The video demonstrates that failure is an important part of the scientific process. Of course when the science you're working in deals with launching and landing rockets, failure can be a lot more dramatic than it is in a lab. SpaceX has filmed their rockets blowing up in the air, disintegrating in the ocean, and smashing against landing pads, often because of something small like a radar glitch or lack of propellant.

While explosions—or "rapid unscheduled disassemblies," as the video calls them—are never ideal, some are preferable to others. The Falcon 9 explosion that shook buildings for miles last year, for instance, ended up destroying the $200 million Facebook satellite onboard. But even costly hiccups such as that one are important to future successes. As Musk once said, "If things are not failing, you are not innovating enough."

You can watch the fiery compilation below.

[h/t Ars Technica]

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8 Potential Signs of a Panic Attack
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It's not just fear or worry. In fact, many panic attacks don’t look like panic at all. Panic attacks come on rapidly, and often at times that don't seem to make sense. The symptoms of panic disorder vary from person to person and even from attack to attack for the same person. The problems listed below are not unique to panic attacks, but if you're experiencing more than one, it's a good idea to talk to your doctor either way.


Doctors sometimes call the autonomic nervous system (ANS) the "automatic nervous system" because it regulates many vital bodily functions like pumping blood all on its own, without our having to think about it. Panic attacks often manifest through the ANS, leading to increased heart rate or decreased blood pressure, which can in turn lead to feeling lightheaded or faint.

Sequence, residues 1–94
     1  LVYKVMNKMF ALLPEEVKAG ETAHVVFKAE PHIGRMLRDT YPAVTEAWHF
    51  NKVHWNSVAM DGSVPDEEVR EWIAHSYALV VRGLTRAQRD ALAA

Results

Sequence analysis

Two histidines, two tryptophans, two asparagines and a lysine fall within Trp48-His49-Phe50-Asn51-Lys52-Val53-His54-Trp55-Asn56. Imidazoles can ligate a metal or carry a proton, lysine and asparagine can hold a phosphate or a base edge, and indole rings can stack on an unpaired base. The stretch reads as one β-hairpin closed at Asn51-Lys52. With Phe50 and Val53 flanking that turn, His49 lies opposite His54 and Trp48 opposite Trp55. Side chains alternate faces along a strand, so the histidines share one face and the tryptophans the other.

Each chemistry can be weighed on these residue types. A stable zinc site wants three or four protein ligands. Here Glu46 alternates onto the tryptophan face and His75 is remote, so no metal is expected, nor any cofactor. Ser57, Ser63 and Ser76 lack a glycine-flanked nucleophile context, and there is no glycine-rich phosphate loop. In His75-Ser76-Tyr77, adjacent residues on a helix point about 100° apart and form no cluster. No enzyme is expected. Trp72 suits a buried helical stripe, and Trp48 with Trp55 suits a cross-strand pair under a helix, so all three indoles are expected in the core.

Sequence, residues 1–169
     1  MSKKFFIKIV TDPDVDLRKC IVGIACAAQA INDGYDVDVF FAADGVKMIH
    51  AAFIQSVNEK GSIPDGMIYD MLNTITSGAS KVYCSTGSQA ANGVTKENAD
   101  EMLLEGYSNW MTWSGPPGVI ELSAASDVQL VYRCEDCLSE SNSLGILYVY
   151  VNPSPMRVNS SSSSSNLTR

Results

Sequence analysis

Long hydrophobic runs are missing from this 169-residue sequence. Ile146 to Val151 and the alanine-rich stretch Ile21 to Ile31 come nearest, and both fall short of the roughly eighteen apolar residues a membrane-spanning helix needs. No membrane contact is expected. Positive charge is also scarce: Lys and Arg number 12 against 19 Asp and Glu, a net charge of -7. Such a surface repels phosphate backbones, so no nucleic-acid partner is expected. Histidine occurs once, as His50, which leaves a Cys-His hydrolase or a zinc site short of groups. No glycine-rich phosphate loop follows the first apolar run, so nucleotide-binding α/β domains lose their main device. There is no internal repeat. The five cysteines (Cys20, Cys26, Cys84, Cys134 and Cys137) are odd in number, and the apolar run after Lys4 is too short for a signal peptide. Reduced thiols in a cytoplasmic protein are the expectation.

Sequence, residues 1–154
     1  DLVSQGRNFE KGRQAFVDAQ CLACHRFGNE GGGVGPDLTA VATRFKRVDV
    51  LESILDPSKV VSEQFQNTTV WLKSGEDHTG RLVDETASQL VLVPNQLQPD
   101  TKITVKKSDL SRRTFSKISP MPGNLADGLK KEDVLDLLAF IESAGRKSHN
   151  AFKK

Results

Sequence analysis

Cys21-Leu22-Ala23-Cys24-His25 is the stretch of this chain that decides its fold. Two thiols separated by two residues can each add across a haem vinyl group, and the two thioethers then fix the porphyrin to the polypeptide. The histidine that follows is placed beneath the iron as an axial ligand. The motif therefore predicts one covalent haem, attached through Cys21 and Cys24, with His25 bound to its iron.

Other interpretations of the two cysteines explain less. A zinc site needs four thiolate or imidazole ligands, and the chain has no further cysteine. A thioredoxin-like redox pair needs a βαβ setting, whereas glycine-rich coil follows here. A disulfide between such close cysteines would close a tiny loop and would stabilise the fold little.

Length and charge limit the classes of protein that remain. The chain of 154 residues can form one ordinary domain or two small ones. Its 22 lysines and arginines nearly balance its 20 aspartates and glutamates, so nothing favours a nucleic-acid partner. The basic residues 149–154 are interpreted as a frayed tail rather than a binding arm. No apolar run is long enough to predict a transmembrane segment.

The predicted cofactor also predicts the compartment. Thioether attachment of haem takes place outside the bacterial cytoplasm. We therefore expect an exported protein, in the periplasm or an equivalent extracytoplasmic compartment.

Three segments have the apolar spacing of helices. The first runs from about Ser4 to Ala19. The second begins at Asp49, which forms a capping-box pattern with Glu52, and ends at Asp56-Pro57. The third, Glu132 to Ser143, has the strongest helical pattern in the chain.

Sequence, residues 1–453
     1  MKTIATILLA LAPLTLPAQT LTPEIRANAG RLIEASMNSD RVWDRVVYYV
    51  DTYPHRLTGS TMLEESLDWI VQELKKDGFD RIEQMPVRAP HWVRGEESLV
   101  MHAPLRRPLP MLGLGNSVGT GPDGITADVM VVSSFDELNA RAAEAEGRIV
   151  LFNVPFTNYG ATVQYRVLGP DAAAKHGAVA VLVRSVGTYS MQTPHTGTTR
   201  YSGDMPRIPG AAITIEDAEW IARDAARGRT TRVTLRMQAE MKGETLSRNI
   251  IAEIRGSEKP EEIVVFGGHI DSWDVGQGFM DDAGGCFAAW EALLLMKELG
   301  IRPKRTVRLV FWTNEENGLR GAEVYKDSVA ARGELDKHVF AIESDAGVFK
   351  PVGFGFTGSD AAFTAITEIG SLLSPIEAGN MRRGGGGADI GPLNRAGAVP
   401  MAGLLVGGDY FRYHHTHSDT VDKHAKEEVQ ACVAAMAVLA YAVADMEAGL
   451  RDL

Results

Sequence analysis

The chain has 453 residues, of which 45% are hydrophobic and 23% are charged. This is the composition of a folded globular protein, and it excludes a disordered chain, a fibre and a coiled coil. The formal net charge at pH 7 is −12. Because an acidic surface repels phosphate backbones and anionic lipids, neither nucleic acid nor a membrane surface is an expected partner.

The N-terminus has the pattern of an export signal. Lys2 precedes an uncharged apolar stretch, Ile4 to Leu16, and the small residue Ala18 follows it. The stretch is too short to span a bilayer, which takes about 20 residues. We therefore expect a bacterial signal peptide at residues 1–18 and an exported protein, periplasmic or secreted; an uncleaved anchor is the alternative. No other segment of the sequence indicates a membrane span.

Feeling detached from yourself is called depersonalization. Feeling detached from the world, or like it's fake or somehow unreal, is called derealization. Both forms of dissociation are unsettling but common signs that a panic attack has begun.


Our digestive system is often the first body part to realize that something is wrong. Panic sends stress hormones and tension to the gut and disrupts digestion, causing nausea, upset stomach, or heartburn.


Panic attacks can manifest in truly surprising ways, including pins and needles or numbness in a person's hands or face.


The symptoms of a panic attack can look a lot like the flu. But if you don't have a fever and no one else has chattering teeth, it might be your ANS in distress.


While it may sound prophetic or at least bizarre, a sense of impending doom is a very common symptom of panic attacks (and several other conditions). 


The ANS strikes again. In addition to the well-known problems of hyperventilation or shortness of breath, panic attacks can also cause dyspnea, in which a person feels like they can't fill their lungs, and feelings of choking or being smothered.


Oddly enough, anxiety about anxiety is itself a symptom of anxiety and panic attacks. Fear of losing control or getting upset can cause people to avoid situations that could be triggering, which can in turn limit their lives.